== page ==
Groupon's Gnome Is A Day Late And A Dollar Short

I doubt that anyone is a Groupon fan -- not really. No other brand has the front to turn a well-meaning search for a local deal into a lifetime of misery being bombarded by completely unrelated offers in nearby towns and locations that the recipient has no intention of visiting. 

However, the Gnome -- pronounced G-nome -- launch is going to be very interesting. The obvious problem with coupons and vouchers is they're okay online when you can cut and paste a code but offline, they work rather less well. Printing out reams of paper with barcodes and then folding them in a shirt pocket isn't great. Nor is logging into an app and hoping the person behind the till knows how to read and enter the code or scan the barcode.

Eliminating this so people will just be able to give their name or Bluetooth the offer to the till is a great idea, even if it may end up with confusing Bluetooth transmission attempts. Apparently the Gnome device will allow retailers to take card payments too.

Trouble is, the offline and online worlds are converging and the offline has a major advantage. Card-based loyalty schemes have been running for years, and most of the major banks are now in on the act, typically through cash back offers. 
These are being extended, however, right into the heartland of Groupon style offers with discounts at restaurants, tech goods and experience days. It's early days, but one can imagine banks -- or at least the schemes they tap into -- will bring in a lot more personalisation based around a user's spending patterns, which will give retailers the Nirvana of personalised offers placed at an individual level. Rather than produce a voucher for all, a select audience who shop with a rival can be targeted, or those who have bought an item might be offered, say, accessories for a reduced price.

Whatever it is, the offers will be based around spending behaviour and targeted, rather than expecting users to wean out the one or two apt offers per year that arrive in emails bombarding their inbox several times a day. They will also, crucially, be private. They will simply be deducted from a bill or credited to a bank account as the transaction takes place.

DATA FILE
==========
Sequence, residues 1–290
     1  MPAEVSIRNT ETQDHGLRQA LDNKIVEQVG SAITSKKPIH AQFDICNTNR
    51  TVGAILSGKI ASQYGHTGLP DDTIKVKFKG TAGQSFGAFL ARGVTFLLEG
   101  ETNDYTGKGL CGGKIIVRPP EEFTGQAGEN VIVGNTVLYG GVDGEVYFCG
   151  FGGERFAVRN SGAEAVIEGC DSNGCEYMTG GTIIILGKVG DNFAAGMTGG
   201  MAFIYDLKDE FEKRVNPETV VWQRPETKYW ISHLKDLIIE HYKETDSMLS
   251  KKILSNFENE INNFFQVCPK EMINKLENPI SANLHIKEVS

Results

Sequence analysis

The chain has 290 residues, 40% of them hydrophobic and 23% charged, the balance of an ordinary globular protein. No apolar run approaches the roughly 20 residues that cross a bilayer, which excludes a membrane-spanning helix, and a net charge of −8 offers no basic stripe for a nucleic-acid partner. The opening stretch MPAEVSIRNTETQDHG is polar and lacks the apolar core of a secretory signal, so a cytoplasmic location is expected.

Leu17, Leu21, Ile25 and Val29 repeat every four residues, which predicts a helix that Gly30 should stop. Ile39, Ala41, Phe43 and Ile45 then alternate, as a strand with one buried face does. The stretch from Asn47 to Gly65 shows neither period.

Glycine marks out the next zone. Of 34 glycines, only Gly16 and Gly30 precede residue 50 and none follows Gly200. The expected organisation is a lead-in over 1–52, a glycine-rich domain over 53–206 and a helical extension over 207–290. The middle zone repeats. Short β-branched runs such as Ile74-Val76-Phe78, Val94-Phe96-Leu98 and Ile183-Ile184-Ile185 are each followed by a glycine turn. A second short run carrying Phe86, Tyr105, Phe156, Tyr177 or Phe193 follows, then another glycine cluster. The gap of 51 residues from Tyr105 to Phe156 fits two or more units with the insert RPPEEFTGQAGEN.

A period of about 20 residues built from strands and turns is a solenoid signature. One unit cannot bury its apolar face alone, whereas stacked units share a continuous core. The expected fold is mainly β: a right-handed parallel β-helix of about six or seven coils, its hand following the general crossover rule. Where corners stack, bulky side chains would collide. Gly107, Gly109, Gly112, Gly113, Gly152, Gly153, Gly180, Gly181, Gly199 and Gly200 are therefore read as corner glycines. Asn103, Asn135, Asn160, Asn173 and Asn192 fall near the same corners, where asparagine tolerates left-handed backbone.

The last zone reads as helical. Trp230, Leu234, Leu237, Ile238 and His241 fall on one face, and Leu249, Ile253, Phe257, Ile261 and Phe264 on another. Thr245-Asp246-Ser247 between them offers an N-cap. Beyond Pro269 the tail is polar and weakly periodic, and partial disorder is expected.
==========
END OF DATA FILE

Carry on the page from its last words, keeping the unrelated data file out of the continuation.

The largest online affiliate network, Affiliate Window, has already reacted to this by signing a deal with Birdback to allow online offers to be attached to their debit or credit card so a voucher is automatically applied. Quidco, the country's largest cash back provider, already has more than a million customer accounts linked to their credit or debit cards so cash back offers signed up for online are automatically credited back to the account when the card is used. Both services are a very neat solution to the problem of moving online offers in to brick-and-mortar shops where roughly 90% of purchases are made.

So Groupon is not alone in realising that offers need to move from the Web to the store without a voucher. However, others are there first and are tied into the credit or debit card that shoppers use to make the purchase so there's no need to remember anything and no interruption at the till.

For me, Gnome is a great idea -- and exactly what Groupon should be doing (other than signing a deal with Birdback), but I do wonder if it's come too late. Everybody I have ever known or talked to about Groupon is fed up with the brand, and many of the retailers that use the site are disappointed their discount wasn't made up for by larger basket sizes or subsequent purchases. 

If the banks get their offline act together and move beyond a small handful of deals to actually take Groupon on, I think they will be pleasantly surprised at the outcome. Likewise, the biggest online cash back and discount providers are in the space already, and I very much suspect they will be giving Groupon's Gnome a very good run for its money when it surfaces over the next few months.

Next story loading loading..